Bucking a consistent trend of declines, the number of people killed in car crashes on U.S. roads jumped by a record 7.7 percent in 2015, according to the National Highway Traffic Safety Administration.
An estimated 35,200 people died in U.S. vehicle accidents in 2015, the NHTSA reported. That’s up from 32,675 in 2014 and the highest total since 2008, when 37,423 people were killed, although it’s still 19 percent below the 2005 level.
An increase in driving is part of the explanation for the rise in deaths. The upsurge in fatalities was particularly high among bicyclists and pedestrians. Federal officials are vowing to make roads safer.
What states had biggest increase in traffic fatalities?
Fatalities were up in every part of the country except for the region consisting of Louisiana, Mississippi, New Mexico, Oklahoma and Texas, where they dropped by 1 percent. The largest increase, 20 percent, was in the region comprising Idaho, Montana, Oregon and Washington.
Fatalities involving car crashes increased by an estimated 13 percent among bicyclists, 10 percent for pedestrians, 9 percent for motorcyclists, 7 percent for vehicle passengers and 6 percent for drivers.
In a statement about the new statistics, the Governors Highway Safety Association noted that, while improved vehicle safety has boosted the likelihood of occupants surviving a crash, “pedestrians and motorcyclists lack these same benefits and remain just as susceptible to serious injury or death in the event of a collision.”
Fatalities in crashes involving drivers from 15 to 20 years old rose by 10 percent -- significantly above the overall increase. In contrast, fatalities involving large trucks and from rollover crashes were up by just 4 percent and 5 percent, respectively.
Why traffic deaths are on the rise
“It is concerning because the trend for a number of years was a decline in traffic fatalities, and now we’re seeing an increase,” says Russ Rader, senior vice president for communications at the Insurance Institute for Highway Safety. “However, it’s not unexpected.”
Traffic fatalities historically have been closely related to the state of the economy, Rader reports. When people are out of work or worried about money, deaths decline because people drive less.
With the economy improving and gas prices down, people are driving more -- about 3.5 percent more miles in 2015 than in 2014.
That said, fatalities were still up by 3.7 percent when looking at the rate per 100 million miles traveled (the rate was down 23.3 percent from 2005). Part of the reason for this is that much of the driving that people give up during a recession, and take back up when the economy improves, is more dangerous highway travel, Rader says.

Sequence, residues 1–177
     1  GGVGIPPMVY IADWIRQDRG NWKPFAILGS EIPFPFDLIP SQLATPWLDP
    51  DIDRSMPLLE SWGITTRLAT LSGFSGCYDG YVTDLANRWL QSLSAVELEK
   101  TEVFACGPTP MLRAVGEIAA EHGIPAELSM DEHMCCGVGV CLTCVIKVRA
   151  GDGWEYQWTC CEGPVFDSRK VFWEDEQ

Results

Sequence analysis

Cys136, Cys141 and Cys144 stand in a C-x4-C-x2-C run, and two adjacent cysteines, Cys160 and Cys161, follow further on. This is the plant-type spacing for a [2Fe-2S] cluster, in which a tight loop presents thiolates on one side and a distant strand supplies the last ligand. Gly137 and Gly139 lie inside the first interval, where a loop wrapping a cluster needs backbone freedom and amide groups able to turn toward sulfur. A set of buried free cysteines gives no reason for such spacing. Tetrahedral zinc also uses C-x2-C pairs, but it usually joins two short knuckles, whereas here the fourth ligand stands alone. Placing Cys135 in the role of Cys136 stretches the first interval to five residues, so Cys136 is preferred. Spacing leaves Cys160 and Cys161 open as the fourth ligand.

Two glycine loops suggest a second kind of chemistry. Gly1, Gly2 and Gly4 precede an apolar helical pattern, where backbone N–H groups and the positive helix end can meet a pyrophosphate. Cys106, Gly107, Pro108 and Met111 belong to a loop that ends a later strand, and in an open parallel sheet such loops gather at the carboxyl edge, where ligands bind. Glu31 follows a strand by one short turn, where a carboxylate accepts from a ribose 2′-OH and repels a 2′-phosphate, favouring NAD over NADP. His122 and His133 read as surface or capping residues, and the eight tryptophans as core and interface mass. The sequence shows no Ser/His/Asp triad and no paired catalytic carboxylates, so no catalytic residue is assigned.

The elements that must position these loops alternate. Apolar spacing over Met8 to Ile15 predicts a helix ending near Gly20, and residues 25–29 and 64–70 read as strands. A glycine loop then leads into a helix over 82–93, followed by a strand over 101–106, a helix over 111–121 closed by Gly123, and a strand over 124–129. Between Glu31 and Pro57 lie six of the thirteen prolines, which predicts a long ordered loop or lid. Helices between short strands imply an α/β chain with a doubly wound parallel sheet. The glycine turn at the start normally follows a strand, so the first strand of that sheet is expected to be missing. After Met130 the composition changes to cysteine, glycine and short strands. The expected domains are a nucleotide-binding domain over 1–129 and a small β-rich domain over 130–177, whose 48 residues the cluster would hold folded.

He adds that teens were driving much less during the recession, thanks to particularly high unemployment in their age group, and they’re the riskiest drivers on the road.
Has driving become safer?
Traffic fatalities have been declining in general in recent years thanks to safety technologies such as airbags, electronic stability control and, most recently, automatic collision-avoidance systems. In March, the Department of Transportation announced a deal with automakers requiring more than 99 percent of new vehicles to come with automatic emergency braking by 2022.
DOT says it’s also looking to require vehicle-to-vehicle communications systems on new vehicles, which it says could help drivers avoid or decrease the severity of 70 to 80 percent of vehicle crashes involving unimpaired drivers; and is working with researchers on technologies that could prevent drunk driving, which is responsible for nearly one-third of highway deaths.
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“Every American should be able to drive, ride or walk to their destination safely, every time,” U.S. Transportation Secretary Anthony Foxx said in the announcement of the 2015 data. “We are analyzing the data to determine what factors contributed to the increase in fatalities and at the same time, we are aggressively testing new safety technologies, new ways to improve driver behavior, and new ways to analyze the data we have, as we work with the entire road safety community to take this challenge head-on.”
The Governors Highway Traffic Safety Administration called the 2015 increase unacceptable and troubling. It said turning the tide would require a blend of enforcement, education and engineering solutions.
While vehicle safety has been increasing, many states have eliminated requirements for motorcyclists to wear helmets since 1995, when Congress repealed a provision penalizing states without such mandates.
“We should be encouraging states to have mandatory motorcycle helmet laws, which virtually all of them once did,” Rader says.
States should also more aggressively enforce laws against dangerous behaviors, such as impaired driving, speeding and running red lights, he adds.
“The message to policymakers is, even though the economy is a big part of this, they are not powerless.”